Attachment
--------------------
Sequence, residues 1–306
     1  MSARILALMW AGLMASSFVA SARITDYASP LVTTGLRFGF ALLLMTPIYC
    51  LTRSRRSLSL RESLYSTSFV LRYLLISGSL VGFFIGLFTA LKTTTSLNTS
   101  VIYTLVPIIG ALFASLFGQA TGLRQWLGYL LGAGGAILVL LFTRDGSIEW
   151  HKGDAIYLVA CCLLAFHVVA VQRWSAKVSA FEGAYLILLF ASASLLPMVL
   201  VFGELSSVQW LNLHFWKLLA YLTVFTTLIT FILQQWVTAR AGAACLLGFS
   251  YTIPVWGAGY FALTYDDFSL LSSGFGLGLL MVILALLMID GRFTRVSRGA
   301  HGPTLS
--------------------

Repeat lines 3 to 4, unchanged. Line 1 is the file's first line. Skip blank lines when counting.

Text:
    51  LTRSRRSLSL RESLYSTSFV LRYLLISGSL VGFFIGLFTA LKTTTSLNTS
   101  VIYTLVPIIG ALFASLFGQA TGLRQWLGYL LGAGGAILVL LFTRDGSIEW